Forgot to mention, don’t even think of using local matriculatin as a basis for entry abroad – tak laku. While the rest of the world advances, students more prepared, whatwith wide array of study aid to churn out brighter material, the same can’t be said for M’sian student. There were record numbers of straight “A” students, last year in the UK, seeking admission to uni – to the point where board of examiners/regents of various boards are now tweaking the exams to make it more challenging. Now, contrast the above to what our MoE is doing, the future doesn’t argur well for our student population, especially local grads – there has always been a premium attached to foreign educated grads returning to M’sia when entering the job market – the difference is quite stark. In part, let me end by saying, those who want to walk – let them walk BUT those who are able to run – must be afforded the same opportunity to run. As I have stressed earlier, by default, grads with UEC in hand, are the brightest lot amongst the peers worldwide… Read more »

9 Mar 2012 11.17pm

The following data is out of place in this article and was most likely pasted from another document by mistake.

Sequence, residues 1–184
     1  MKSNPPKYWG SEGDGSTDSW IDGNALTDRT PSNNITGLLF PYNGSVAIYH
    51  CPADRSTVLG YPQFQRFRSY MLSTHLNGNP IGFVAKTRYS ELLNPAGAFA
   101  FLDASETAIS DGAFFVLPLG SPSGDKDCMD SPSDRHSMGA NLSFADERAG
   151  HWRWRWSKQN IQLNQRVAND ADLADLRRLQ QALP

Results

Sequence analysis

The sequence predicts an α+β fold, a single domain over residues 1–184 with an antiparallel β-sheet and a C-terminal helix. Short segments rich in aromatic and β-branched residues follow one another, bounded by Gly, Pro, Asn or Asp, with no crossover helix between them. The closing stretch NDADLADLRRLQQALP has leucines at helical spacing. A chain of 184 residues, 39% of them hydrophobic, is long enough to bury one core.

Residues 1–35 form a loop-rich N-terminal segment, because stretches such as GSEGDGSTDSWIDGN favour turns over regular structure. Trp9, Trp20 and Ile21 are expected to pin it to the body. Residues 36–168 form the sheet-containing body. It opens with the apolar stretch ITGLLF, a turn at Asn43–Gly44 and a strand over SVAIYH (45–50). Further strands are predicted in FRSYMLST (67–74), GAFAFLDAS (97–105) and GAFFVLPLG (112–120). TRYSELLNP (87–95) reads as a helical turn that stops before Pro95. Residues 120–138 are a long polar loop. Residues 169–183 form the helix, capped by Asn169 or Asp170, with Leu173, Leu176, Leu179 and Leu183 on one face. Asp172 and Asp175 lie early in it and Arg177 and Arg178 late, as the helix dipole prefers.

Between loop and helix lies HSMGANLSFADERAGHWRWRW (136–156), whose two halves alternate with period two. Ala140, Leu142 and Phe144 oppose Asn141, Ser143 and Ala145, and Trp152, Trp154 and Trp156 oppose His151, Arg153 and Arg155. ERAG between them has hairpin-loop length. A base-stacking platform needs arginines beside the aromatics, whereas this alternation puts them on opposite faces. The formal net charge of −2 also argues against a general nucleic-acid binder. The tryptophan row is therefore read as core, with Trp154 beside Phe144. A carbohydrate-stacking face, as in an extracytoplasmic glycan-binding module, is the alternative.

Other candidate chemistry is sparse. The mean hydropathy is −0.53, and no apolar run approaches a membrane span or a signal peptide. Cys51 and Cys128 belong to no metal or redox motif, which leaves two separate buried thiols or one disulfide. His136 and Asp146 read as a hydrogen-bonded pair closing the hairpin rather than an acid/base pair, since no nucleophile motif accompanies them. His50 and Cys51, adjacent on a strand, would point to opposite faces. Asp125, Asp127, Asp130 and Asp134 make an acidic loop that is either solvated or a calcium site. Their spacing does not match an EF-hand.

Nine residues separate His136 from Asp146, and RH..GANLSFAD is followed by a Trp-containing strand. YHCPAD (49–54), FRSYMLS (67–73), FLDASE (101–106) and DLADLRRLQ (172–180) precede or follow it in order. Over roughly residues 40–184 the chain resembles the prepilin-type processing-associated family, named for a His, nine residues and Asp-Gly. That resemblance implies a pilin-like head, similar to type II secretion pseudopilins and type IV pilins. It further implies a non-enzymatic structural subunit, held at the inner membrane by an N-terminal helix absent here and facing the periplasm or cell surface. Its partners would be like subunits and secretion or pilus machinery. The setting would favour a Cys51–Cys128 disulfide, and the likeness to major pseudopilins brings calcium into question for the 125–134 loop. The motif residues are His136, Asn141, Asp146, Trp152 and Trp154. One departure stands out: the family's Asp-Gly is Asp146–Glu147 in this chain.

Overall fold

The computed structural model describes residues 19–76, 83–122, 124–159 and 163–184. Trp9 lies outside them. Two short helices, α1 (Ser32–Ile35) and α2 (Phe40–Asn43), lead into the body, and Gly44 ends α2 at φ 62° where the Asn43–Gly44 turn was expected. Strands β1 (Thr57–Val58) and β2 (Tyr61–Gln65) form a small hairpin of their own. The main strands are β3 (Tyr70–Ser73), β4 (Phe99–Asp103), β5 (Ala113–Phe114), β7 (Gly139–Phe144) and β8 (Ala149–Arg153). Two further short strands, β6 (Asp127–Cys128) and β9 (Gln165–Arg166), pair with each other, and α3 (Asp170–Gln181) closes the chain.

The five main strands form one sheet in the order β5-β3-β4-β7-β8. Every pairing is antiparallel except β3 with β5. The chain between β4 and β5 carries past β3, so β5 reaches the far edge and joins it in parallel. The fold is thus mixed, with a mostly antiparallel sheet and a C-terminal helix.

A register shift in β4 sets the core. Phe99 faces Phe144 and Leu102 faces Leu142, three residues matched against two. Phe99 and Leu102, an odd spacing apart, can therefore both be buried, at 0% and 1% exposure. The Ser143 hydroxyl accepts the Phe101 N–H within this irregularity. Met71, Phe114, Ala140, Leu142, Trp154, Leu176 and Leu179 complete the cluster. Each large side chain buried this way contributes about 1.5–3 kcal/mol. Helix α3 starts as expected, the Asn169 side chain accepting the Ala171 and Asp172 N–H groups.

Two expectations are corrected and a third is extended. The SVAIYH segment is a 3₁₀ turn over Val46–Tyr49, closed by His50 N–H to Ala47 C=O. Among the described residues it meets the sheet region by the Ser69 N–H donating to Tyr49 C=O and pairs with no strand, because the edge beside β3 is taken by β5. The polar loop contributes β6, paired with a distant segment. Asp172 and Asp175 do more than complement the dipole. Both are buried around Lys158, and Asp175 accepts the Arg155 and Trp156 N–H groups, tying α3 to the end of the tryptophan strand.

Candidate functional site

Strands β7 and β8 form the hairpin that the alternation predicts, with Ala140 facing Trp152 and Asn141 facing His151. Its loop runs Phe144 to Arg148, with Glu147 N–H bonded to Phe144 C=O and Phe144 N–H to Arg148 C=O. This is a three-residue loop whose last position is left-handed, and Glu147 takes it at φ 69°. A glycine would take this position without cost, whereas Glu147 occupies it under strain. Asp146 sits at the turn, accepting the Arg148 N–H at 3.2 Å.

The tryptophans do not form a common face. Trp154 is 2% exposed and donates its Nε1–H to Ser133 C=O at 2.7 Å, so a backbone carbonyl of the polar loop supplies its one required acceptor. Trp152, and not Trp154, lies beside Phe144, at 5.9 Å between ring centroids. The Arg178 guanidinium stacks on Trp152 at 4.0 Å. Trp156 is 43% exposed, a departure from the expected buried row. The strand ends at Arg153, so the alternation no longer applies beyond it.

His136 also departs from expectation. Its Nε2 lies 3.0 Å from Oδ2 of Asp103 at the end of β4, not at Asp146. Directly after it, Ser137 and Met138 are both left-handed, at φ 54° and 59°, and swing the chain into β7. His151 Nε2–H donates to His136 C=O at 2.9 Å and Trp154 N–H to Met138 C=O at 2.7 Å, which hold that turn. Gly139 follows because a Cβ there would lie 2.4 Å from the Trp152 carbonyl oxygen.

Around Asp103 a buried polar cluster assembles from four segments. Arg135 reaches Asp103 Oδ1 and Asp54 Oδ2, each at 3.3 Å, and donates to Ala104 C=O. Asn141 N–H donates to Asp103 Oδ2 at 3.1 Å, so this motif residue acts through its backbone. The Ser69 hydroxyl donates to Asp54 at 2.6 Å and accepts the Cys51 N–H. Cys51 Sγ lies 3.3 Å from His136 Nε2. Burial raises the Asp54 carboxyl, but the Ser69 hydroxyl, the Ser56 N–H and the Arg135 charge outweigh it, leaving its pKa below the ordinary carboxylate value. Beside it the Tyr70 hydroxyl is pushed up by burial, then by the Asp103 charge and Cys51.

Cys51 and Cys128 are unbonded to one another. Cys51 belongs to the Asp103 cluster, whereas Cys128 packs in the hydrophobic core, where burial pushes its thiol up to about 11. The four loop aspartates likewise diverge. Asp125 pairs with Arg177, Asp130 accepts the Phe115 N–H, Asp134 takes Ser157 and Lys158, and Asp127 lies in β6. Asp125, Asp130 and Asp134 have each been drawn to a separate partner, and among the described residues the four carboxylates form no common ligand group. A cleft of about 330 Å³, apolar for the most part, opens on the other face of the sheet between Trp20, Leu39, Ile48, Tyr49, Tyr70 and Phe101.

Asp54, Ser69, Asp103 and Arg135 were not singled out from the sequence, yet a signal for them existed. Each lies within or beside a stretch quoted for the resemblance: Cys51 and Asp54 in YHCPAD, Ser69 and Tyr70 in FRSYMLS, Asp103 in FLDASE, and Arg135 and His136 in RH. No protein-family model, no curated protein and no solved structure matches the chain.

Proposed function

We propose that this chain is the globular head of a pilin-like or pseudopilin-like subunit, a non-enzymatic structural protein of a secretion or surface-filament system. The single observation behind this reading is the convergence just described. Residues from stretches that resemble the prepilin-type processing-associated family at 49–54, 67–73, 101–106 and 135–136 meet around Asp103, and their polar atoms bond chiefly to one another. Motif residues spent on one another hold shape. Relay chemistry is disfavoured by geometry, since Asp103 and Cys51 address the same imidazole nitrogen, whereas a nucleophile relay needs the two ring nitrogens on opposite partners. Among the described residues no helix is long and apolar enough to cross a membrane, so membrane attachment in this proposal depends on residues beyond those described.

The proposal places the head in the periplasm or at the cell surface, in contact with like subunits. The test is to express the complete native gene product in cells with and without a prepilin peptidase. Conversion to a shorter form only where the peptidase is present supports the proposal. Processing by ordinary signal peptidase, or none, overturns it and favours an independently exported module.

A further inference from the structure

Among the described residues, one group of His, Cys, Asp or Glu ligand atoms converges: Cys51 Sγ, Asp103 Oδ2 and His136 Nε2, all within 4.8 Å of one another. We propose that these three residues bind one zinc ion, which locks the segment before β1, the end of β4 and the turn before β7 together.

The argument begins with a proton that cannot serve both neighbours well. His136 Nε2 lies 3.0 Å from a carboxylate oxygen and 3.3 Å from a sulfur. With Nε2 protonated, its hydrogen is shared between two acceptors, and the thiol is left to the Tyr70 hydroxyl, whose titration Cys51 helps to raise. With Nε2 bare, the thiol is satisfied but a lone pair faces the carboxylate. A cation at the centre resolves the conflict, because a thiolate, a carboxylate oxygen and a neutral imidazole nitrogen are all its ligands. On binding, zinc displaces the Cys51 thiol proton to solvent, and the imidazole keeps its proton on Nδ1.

Yes Farish, and on goes thd debate between the singular versus plural. Back in the day while society didn’t know better and our forebears comfortably bedded in the colonial yolk, there wasn’t much directive nor opportunity for all to go to school. In more simple times, with colonial rulers more interested in Malaya for our vast resource, education was a secondary consideration but educate, they did try. I gather post WWI, it was a big deal for all kids to attain some level of education, schooled in English obviously for “urban” settlers with the rest (Malay society per se) happy with whatever a “sekolah pondok” could offer (I believe Jawi was taught back then). Long story short, think Penang Free School or High School in Malacca as a timeline for guide. There was no provision by the master to provide for Chinese/*Tamil education, that was left to prominent figures in respective communities to figure out and let’s conclude, the “private sector” initiative was a success story on its own. * I plea ignorance the history/emergence of Tamil base education but Chinese education was definitely a collective… Read more »